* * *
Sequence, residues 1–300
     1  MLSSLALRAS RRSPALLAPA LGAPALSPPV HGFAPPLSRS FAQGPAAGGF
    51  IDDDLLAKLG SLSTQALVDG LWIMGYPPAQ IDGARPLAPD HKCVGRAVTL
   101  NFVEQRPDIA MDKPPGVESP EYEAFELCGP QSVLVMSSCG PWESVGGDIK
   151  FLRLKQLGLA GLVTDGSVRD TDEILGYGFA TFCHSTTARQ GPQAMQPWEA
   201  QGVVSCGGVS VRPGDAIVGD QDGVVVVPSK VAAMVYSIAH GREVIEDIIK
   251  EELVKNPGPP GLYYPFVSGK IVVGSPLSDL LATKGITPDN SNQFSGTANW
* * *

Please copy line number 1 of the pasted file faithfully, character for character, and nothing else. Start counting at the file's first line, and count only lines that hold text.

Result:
Sequence, residues 1–300